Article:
False labelling means consumers can't be sure
Activists are already campaigning to force shops to label Israeli settlement produce accurately. At present most goods produced in the illegal settlements are still labeled 'made in Israel' or 'produced in Israel', this includes farm produce and products from the industrial zones set up in the settlements. This verdict will be valuable in furthering this campaign. A few of the supermarkets (eg Sainsburys) have started to label settlement produce as 'produce of the West Bank' which is still misleading as people buying it assume its sale benefits the Palestinians living in the West Bank. A more accurate label would be 'produce of the illegal Israeli settlements in the West Bank', or better still simply label the goods as 'stolen produce of Palestine'.
Israels portrayal of the Palestinian Occupied Territories as part of Israel is essentially an attempt by Israel to eradicate the Palestinian people as a nation. And conversely the ubiquitous recognition of the Israeli occupation of the West Bank and Gaza and its rejection and repudiation is the first step to the recognition and rejection of Israels occupation of the whole of Palestine.
We wish to thank Luca Salice and Ms Green for making this article possible.
Israel blasted over ‘truth’ of scroll ad
Candice Krieger, The Jewish Chronicle
11 April 2008
The Israeli Government Tourist Office was this week forced to change its ThinkIsrael advert following a ruling from the Advertising Standards Authority that it was misleading and breached its code of conduct.
The magazine advert promoting Israel displayed images of well-known landmarks, including Qumran, the site where the Dead Sea Scrolls were found, with text stating: “You can travel the entire length of Israel in six hours.”
The ASA said that the image, together with the text, implied that Qumran was in Israel. Since Qumran is in the West Bank, it therefore considered the advert was misleading. Expressing concern that IGTO did not respond to its initial enquiries, the ASA said the advert was in breach of two regulations of the advertising code non-response, and truthfulness. It told IGTO the advert should be withdrawn.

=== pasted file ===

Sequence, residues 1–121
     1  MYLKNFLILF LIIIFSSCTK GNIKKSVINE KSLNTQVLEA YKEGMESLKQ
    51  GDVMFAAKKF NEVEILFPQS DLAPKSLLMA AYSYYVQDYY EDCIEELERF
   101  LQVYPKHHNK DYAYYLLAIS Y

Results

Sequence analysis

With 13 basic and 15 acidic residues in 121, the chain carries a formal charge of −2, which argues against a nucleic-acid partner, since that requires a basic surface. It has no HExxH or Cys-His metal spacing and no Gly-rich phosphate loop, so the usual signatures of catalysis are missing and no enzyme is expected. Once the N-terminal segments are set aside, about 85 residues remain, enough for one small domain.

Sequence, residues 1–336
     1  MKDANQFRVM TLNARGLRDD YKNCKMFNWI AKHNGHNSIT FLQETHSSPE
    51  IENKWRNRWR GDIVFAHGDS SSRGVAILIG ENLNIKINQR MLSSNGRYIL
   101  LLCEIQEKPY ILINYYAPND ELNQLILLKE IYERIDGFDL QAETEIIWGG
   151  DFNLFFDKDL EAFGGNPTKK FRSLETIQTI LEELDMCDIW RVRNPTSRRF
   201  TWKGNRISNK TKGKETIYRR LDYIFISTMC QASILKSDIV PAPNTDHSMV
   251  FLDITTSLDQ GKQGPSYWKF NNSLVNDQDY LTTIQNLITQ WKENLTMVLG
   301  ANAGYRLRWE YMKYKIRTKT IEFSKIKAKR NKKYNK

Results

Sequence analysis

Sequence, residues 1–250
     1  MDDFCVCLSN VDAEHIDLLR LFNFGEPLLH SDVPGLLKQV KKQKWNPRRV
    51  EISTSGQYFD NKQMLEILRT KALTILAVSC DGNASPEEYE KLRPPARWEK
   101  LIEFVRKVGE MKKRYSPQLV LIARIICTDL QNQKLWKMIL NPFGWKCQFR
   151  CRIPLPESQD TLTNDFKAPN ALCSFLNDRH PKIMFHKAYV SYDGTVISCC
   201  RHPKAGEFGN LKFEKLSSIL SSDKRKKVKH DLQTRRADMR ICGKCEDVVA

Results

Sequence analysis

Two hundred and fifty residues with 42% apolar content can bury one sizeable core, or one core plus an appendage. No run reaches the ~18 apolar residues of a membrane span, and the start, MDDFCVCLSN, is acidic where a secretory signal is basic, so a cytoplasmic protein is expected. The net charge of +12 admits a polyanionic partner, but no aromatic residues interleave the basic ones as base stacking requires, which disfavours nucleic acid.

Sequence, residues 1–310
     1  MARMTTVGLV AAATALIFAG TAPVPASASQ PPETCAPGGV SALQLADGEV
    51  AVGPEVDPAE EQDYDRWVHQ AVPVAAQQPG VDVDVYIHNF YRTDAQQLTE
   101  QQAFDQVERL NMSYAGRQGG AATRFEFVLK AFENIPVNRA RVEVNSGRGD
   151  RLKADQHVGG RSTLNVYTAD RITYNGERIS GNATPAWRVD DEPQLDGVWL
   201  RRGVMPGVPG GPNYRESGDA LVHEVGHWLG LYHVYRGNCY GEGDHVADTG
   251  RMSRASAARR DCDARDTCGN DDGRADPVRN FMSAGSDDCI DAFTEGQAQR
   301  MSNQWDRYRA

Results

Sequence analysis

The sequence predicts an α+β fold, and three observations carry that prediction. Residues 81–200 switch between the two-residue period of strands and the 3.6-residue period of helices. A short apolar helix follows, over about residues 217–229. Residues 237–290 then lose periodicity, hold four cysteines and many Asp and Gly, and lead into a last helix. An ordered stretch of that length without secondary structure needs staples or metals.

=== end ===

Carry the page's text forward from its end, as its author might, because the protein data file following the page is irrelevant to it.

Janet Green, who saw the advert in the Radio Times, said: “I thought, ‘I am sure Qumran is not in Israel. Why are they claiming it is?’ I checked and then I made my official complaint. I was very pleased to see that they have agreed with me.”
IGTO has now amended the advert, replacing the Qumran image with one of the desert fortress, Masada. Director Uzi Gafni said: “We did not say Qumran was in Israel so did not think about the implications.”
Holy Land: UK watchdog asks Israel to withdraw misleading tourism ad
Independent Catholic News
9 April 2008
Today, the Advertising Standards Authority (ASA) has ordered the Israeli Tourist Office to withdraw a ThinkIsrael.com advert implying that Qumran, the site where the Dead Sea Scrolls were found, is in Israel, when in fact it is in the Occupied West Bank.
North London resident Janet Green, said she was surprised when she saw the advert stating: 'You can travel the entire length of Israel in six hours' , with illustrations including an image of Qumran, in the 24 November edition of the Radio Times.
Janet said: "I thought 'that's not right'. I am sure Qumran is not in Israel. Why are they claiming it is. I checked and then I made my official complaint. I was very pleased to see that they have agreed with me.
"This really matters because the lives of Palestinians living in the West Bank are made difficult by the Israeli-run checkpoints and barriers that restrict their day-to-day lives and adversely affect their economy. Palestinians should profit from tourism within the West Bank and the creeping expansion of Israel should be rejected by the UK and the rest of the world."
The ASA upheld Ms Green's complaint and expressed concern that ThinkIsrael did not respond to their enquiries They said: "The ad breached Committee of Advertising Practice CAP Code clauses 2.8 (Non-response) and 7.1 (Truthfulness).
The full text of the ASA decision can be seen at: http://www.asa.org.uk